Two major influences have guided my life from the very beginning. One is that my parents ran a small technical business out of our house, and the kids were expected to work in the business. So from an early age, I learned how bills got paid, how customers were treated, and what made the difference between sweating the rent or having money in the bank. My second major influence is progressive activism - my parents were early supporters of the Civil Rights Movement and early opponents of the Vietnam War. Their outspoken positions lost them some friends, but gained them many others, and our house hosted lots of interesting people engaged in ponderous, altruistic discussions. Thus, trying to run a business ethically, while also living and working in a dissident, quasi-tribal culture, has always felt like home to me.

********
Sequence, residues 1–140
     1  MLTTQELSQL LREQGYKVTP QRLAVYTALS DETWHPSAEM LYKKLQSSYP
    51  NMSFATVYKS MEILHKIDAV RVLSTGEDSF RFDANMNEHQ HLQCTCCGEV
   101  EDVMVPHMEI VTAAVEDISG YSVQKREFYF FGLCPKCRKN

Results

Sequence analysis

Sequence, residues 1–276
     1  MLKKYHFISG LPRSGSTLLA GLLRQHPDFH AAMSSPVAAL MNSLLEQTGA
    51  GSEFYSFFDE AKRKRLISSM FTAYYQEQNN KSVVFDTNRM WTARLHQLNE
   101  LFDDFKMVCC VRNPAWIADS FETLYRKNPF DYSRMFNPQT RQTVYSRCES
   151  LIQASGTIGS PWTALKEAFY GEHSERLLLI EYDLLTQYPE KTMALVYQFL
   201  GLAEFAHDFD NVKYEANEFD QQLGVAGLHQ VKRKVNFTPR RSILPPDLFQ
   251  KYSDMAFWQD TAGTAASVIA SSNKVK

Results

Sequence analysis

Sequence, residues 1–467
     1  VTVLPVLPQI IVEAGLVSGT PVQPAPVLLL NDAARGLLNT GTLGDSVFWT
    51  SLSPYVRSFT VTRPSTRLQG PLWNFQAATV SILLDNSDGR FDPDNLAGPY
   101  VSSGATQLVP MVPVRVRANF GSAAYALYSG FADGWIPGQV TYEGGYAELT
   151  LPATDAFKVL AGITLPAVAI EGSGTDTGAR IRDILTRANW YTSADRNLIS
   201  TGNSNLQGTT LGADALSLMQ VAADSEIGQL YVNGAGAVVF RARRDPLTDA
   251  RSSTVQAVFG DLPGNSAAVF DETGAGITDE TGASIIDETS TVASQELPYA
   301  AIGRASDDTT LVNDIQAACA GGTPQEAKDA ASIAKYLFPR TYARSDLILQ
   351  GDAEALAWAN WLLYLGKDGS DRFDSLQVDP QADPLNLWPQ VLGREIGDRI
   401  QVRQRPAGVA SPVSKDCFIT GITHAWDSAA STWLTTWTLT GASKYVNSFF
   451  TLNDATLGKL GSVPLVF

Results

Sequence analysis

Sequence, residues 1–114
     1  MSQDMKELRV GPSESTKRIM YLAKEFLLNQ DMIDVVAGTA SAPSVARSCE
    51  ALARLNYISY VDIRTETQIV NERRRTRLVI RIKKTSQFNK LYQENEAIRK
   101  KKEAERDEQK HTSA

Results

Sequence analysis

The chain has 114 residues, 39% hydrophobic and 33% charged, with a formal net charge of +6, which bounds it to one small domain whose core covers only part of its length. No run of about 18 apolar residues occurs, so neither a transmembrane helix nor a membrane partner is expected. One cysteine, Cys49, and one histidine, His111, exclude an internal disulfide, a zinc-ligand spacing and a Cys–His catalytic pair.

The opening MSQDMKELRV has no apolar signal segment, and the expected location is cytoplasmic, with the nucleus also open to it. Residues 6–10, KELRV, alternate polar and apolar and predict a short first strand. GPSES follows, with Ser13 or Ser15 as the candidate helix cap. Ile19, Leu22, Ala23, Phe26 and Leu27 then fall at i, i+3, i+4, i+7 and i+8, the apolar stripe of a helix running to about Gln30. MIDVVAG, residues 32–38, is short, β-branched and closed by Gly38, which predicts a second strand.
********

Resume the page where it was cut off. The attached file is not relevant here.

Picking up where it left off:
When I struck out on my own in the late 70s, I found my first affinity group through my local food co-op. Before long I had joined a DC collective publishing a dissident 'zine, and was organizing punk and reggae benefits and training people for non-violent civil disobedience actions. I got into freelance IT work in the mid-80s, and remained involved in many different democratic grassroots activities until the mid-90s, when I decided to focus my efforts more exclusively on economic democracy and website development. This again led me to my local food co-op, and to a local software company that was just beginning to convert to a worker-owned co-op. Through those experiences, my studies in co-op development, and my networking with other worker co-ops, I started working with the GEO collective in 2005, and began to do an increasing amount of consulting to co-ops as well. After 10 years with my worker co-op, with the movement growing quickly, I decided to go back to full-time freelancing - but this time, as an advisor to worker co-ops and other types of co-ops, with the perspectives of a worker-owner.